Casper Gutman lacks traditional masculinity because of his lack of physical power and extravagant tendencies. As his last name implies, Gutman is overweight. He is constantly referred to as “the fat man” and his initial physical description characterizes him as “flabbily fat with bulbous pink cheeks”, “a great soft egg of a belly”, and “pendant cones for arms and legs” (104). Much of Spade’s masculinity is relate to his physical power and appearance. Spade’s physical descriptors include adjectives like “thick”, “big”, and “strong” and the narrative at one point compares his body to that of a bear (12). Traditional masculinity emphasizes physical strength and power like Spade’s, therefore Gutman lacks masculinity because of his physical appearance. Gutman also lacks masculinity because of his extravagance and opulence. Traditional masculinity is simple. Men who embody masculinity are not flashy or opulent because those traits traditionally are associated with femininity. Gutman is wealthy, gluttonous and greedy and dresses himself up with things like pearls (106). His opulence is especially emphasized by the type of gun he attempts to use on Spade. Gutman, similar to Cairo, is also described by the word “flaccid” which associates him with a lack of sexual potency and therefore masculinity (106).
After the characters realize the falcon was fake, Gutman asks Spade for the bribe money back and Spade refuses. Gutman then pulls out “a small pistol, an ornately engraved and inlaid affair of silver and gold and mother of pearl” (203). Spade, not threatened by the gun, takes out a one-thousand-dollar bill before handing the envelope with the rest of the money back to Gutman. Gutman shrugs and because he is unwilling to argue with Spade leaves without the remainder of his money. Gutman must use a gun against Spade because he lacks physical power in comparison to him. His gun compensates for this lack of power and masculinity. Similar to Cairo, Gutman’s gun is small and represents a phallus, emphasizing his lack of sexual potency. The gun’s ornateness is effeminate and emblematic of Gutman’s opulent character. Spade does not view Gutman or his gun as a threat and by dismissing the gun, he strips away its power. Spade blatantly ignores Gutman’s request for the money which emasculates him and illustrates how even without a weapon, Spade holds the power in this situation. Gutman’s gun cannot compensate for his lack of physical power and therefore illustrates his effeminacy and lack of masculinity.
Wilmer Cook lacks masculinity because of his youthful nature and physical appearance. Cook is first described as an “undersized youth of twenty or twenty-one” (59). He is referred to throughout the novel as “the boy” and his stature and various features are described as “small” (93). When standing in front Spade he’s described as “looking like a schoolboy” (95). He’s young, inexperienced, and physically weak. However, he is Gutman’s “gunsel” and personal security guard.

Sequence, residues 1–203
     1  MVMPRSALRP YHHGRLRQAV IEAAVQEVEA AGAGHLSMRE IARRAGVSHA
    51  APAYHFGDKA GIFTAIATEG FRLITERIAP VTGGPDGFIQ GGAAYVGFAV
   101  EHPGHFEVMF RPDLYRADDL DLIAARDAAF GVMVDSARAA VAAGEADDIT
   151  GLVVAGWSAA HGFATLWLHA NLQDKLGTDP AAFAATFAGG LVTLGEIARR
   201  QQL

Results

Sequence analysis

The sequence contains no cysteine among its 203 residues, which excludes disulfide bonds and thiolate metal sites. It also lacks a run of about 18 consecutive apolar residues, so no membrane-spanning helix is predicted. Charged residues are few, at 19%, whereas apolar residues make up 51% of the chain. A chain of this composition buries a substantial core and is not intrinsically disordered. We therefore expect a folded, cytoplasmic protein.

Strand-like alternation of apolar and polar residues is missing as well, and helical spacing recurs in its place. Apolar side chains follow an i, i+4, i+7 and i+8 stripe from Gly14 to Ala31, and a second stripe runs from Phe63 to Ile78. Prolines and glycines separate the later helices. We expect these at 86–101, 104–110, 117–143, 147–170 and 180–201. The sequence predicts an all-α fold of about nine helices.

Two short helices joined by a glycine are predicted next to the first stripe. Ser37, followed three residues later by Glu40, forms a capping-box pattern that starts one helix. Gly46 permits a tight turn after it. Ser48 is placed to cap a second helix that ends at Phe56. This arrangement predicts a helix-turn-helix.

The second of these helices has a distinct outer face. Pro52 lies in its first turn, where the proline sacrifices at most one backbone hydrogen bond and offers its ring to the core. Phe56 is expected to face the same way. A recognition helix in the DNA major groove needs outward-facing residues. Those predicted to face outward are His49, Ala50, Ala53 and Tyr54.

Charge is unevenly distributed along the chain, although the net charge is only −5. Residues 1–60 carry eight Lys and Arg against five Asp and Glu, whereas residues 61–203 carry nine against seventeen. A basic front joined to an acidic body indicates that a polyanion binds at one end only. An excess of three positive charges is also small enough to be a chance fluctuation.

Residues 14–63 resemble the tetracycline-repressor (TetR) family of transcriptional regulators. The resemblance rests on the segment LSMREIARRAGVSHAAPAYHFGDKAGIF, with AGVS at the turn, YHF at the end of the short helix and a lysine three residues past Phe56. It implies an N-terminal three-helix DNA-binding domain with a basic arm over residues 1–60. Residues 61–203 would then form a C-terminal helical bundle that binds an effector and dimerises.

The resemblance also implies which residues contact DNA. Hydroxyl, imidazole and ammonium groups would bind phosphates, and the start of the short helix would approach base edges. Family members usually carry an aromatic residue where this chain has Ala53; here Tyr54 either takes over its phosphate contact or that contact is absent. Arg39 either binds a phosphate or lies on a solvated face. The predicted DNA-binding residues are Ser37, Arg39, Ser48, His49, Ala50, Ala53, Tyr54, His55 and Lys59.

Cook shadows Spade for the majority of the novel and at one point, instructs Spade to come with him to see Gutman. Although Cook does not directly pull out his guns at this point, he makes it very clear that they are in his pockets which sends the message that he will use them if Spade does not comply. Spade complies and follows the boy to Gutman’s suite but as they are walking down the hallway, steps behind him and overpowers him as the boy is “impotent in the big man’s grip” (120). The use of the word “impotent” highlights the youthfulness of the boy and implies a lack of sexual potency. Spade strips the boy of two heavy automatic pistols before grinning at him and joking that the situation will put Cook “in a solid” with his boss (121). The two heavy pistols are symbolic of Cooks desire for power and compensation for his lack of physical strength. Spade takes advantage of his naiveté and is able to effectively strip him of his guns before Cook even realizes what is going on. After Spade takes the guns, Cook stops passing snarky remarks and doesn’t bother trying to fight for his guns back because he recognizes that Spade holds the power in this situation. By taking his guns, Spade emasculates Cook because he strips him of the power and symbolic manliness that he held. Without the guns, Cook is just a scrawny kid pretending to be a man.
Men in this novel use guns as a way to compensate for the various ways that they lack masculinity and power. Cairo lacks masculinity because he’s homosexual and foreign, Gutman lacks masculinity because he’s overweight and opulent, and Cook lacks masculinity because he’s young and weak. Guns provide these men with a false sense of masculinity that Spade easily strips away with physical power. Their lack of masculinity emphasizes traits that distinguish Spade as masculine and the antihero of this novel.